DDR2 - An Overview Print E-mail
Written by Michael Schuette   
Dec 30, 2002 at 12:00 AM

DDR (I) is approaching the end of its dominating role in the desktop space to be replaced by the second generation of double data rate memory starting at 400 MHz and using a conventional 64/72 bit parallel bus interface. Lower operating voltage, new features like on-die termination, off-chip driver calibration, Posted CAS and variable write latency sound intriguing but what is really lurking behind the new standard. We have seen claims of up to 72% power savings over DDR I and other miracle cures for any bandwidth issues faced by the PC industry. We have done the math ourselves found a few convenient errors in some of the manufacturer's descriptions of DDR2. Otherwise, DDR2 looks very promising but who will benefit in the end? If the DRAM makers have their way, DDR or DDR I as we know it will be succeeded at some point in the coming year by the next generation of mainstream SDRAM: DDR2 The second generation of DDR has been anticipated by consumers and DRAM manufacturers alike, however, for rather different reasons.

Hypothetical DDR2 Registered ECC DIMM using Elpida components (altered after Elpida). The pin count on the DIMM has increased from 184 pins in DDR (I) to 240 pins in the new DDR2 format.

Most consumers primarily associate higher performance with DDR2. Starting speed grades of 400 MHz data rate for system memory and already going up to 1 GHz in graphics applications, even before the new technology has hit the streets sound like some real progress has been made in DRAM technology. This is especially true in light of the difficulties in current DDR I technology to yield DDR400 MHz components in sufficient quantity.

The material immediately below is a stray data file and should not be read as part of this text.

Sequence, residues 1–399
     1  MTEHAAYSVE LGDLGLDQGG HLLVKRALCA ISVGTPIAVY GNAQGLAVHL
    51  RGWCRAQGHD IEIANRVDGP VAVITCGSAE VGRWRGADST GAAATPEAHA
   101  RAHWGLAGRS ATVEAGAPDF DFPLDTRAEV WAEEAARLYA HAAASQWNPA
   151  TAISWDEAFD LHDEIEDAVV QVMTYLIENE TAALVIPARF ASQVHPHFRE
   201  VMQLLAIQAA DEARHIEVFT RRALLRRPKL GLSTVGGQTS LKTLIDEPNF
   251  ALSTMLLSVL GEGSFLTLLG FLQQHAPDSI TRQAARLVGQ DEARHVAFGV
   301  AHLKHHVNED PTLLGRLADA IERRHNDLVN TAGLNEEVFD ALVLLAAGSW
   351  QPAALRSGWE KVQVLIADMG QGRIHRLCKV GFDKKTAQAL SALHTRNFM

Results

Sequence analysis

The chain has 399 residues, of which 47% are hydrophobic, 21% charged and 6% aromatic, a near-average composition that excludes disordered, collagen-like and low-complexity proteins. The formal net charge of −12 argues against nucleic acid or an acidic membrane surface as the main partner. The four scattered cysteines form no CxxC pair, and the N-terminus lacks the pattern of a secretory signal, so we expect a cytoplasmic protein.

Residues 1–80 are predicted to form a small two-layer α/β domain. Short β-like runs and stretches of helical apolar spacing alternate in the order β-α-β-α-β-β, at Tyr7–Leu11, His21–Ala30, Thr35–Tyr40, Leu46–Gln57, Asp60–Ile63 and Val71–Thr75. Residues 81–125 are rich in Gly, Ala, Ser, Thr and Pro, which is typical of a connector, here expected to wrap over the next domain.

So what are the magic ingredients that makes DDR2 wiggle so much faster than DDR I? More importantly, we have heard all the rumors of DDR2 being backward compatible with DDR I but we also heard the opposite. For the graphics card manufacturers, the compatibility may not be such a crucial factor but what will happen to the consumer who wants to upgrade his memory to DDR2 on an existing mainboard? Last not least, since there is no such thing as a free lunch, will DDR2 be more expensive than current DDR (I) or what other trade-offs will there be e.g. in terms of latency vs. bandwidth?

We have seen the wildest speculations about DDR2 floating on the web, including the use of very inventive math by some DRAM manufacturers to hi-light the benefits of the new standard. We have heard terms like "DDR2 in emulation mode" and "poor man's DDR", we have seen articles using all the correct buzz words albeit somewhat out of context. But what is really behind the new technology?

Last Updated ( Dec 10, 2009 at 05:43 AM )